By week eight, your little one is about the size of a ring, and there are many tiny, yet important, parts of her developing—including the fingers, toes, airways and brain cells.
UNDERSTANDING YOUR BODY: Physical Changes During Pregnancy
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It may seem a little early at this point—particularly if the thought of labor is still a little scary—but now is actually a good time to start thinking about how you'll want to deliver. If your goal is to give birth at home or at a birthing center, it's important to choose a provider who works in those environments. If you have strong feelings about cesareans, use of drugs during labor and delivery or other issues, discuss those with your provider to make sure you're on the same track. Also do your research and talk with your partner about your preferences, so that you can make informed decisions now and throughout the rest of your pregnancy.
If you could see your baby, you'd notice that she has teeny webbed fingers and toes and perhaps even small eyelids that will soon cover her sensitive eyes. The very tip of her nose may also be starting to form, as well as the upper lip. Behind the face, nerve cells are beginning to connect with one another and form what will eventually become complex neural pathways.
A little farther down, your baby's breathing tubes are developing to reach her lungs. Moreover, her very important aortic and pulmonary valves in her heart have formed, helping the muscle to beat at an amazing 150 pulses per minute.
If your pregnancy is considered high risk, you'll likely have already been to see your health care provider. However, for many pregnancies, the first prenatal visit takes place somewhere between now and week 10.
At your first appointment, your health care provider will complete a comprehensive health history. He or she will ask whether you have any medical or psychosocial issues, the date of your last menstrual period, your history of birth control methods and other medications, if you've previously been hospitalized, whether you have any drug allergies and about your family's medical history. You may want to write down these details if you think you could have trouble remembering everything.
The visit will include measuring your blood pressure, height and weight, as well as a breast and pelvic exam, with a pap test if you haven't had once recently. They'll also likely take blood to test for your blood type, anemia and other medical and genetic conditions. It's still a little early to hear your baby's heartbeat, so this exciting milestone may have to wait until your next visit.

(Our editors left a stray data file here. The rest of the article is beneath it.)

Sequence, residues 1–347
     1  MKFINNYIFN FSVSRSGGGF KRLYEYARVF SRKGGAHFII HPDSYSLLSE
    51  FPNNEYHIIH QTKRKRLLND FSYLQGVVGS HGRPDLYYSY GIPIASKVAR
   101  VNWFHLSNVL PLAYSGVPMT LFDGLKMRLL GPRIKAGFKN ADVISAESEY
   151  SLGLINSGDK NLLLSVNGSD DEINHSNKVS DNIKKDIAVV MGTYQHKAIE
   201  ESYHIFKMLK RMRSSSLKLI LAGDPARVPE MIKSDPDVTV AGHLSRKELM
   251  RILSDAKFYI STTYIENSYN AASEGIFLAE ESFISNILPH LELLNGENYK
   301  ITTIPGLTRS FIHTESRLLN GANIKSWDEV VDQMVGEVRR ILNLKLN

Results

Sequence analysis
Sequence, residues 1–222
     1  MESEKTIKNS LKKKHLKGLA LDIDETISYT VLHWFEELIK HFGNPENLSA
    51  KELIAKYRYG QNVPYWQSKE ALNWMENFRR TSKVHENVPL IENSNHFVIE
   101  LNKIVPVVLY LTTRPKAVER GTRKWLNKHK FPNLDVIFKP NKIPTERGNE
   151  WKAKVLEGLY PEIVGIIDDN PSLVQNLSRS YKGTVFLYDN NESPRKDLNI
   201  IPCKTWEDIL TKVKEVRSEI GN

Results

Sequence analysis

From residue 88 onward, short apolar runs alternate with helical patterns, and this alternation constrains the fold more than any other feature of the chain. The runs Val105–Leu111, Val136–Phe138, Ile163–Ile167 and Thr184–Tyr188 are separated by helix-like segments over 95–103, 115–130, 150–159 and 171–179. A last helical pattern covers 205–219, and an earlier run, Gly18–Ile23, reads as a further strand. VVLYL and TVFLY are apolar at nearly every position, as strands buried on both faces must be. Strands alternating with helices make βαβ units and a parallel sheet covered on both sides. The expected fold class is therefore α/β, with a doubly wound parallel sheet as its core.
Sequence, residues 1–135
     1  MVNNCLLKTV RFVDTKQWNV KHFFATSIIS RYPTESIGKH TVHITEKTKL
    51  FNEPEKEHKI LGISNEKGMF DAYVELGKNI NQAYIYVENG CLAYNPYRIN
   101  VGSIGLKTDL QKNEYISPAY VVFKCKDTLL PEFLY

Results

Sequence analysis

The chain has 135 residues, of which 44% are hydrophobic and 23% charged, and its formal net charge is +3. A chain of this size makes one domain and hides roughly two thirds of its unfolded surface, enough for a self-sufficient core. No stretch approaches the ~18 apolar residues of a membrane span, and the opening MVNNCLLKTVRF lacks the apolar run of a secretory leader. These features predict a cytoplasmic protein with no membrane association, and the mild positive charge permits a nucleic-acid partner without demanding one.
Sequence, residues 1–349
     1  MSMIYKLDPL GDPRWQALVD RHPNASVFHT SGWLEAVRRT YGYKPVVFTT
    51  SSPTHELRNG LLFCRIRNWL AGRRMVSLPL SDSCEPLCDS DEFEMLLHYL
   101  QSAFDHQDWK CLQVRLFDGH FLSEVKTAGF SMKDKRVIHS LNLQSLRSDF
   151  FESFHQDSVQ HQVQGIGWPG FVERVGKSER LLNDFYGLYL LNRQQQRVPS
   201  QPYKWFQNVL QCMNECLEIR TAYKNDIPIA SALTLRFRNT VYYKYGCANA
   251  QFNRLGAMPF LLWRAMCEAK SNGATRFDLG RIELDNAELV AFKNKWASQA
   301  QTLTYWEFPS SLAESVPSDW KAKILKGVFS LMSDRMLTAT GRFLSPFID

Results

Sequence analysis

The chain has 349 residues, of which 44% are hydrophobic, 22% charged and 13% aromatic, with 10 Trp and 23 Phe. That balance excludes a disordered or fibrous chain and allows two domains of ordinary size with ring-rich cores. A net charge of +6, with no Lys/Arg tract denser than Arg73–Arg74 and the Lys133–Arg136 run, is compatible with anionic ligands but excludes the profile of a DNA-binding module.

Your health care provider may also talk to you about more extensive genetic testing and offer you screening tests that can give you some information about your baby's risk for Down syndrome as well as other chromosomal problems and birth defects.
There is a new two-part prenatal screening that can be done between weeks 9 and 13. It combines a blood test and a specialized ultrasound to assess your baby's risk for Down syndrome or trisomy 18. This screening is less invasive than amniocentesis or chorionic villus sampling (CVS) but is not definitive. If risk is indicated, the screening may help you decide whether you want further testing.
If so, CVS is a genetic test that can be performed between weeks 10 and 12 of pregnancy. The doctor removes a small piece of your placenta to check for potential genetic problems. Although CVS cannot detect neural tube defects, some women prefer it because they can get results sooner than with an amniocentesis, which is usually done between weeks 15 and 18.
Both tests are invasive and include a very slight risk of complications, including miscarriage, so it's important to do your research and talk to your partner and health care professional to decide what testing is right for you. Click here to learn more about genetic testing.
Finally, your provider may speak to you about lifestyle considerations, including nutrition and exercise. Bring a list of questions regarding your concerns and current habits. Now is the time to ask about activities that you are concerned about continuing during pregnancy.
You also might want to ask about the practice's birth philosophy to make sure it's in line with your own. For instance, if your goal is to have a natural childbirth, talk to them about it and make sure they are supportive of your plans.
If you leave your visit doubting your choice of providers, keep in mind that you can always change practices if you feel uncomfortable or are concerned that their philosophy of childbirth differs from yours. If you want to continue with the provider you've chosen, you'll likely schedule an appointment for four weeks later before leaving the office.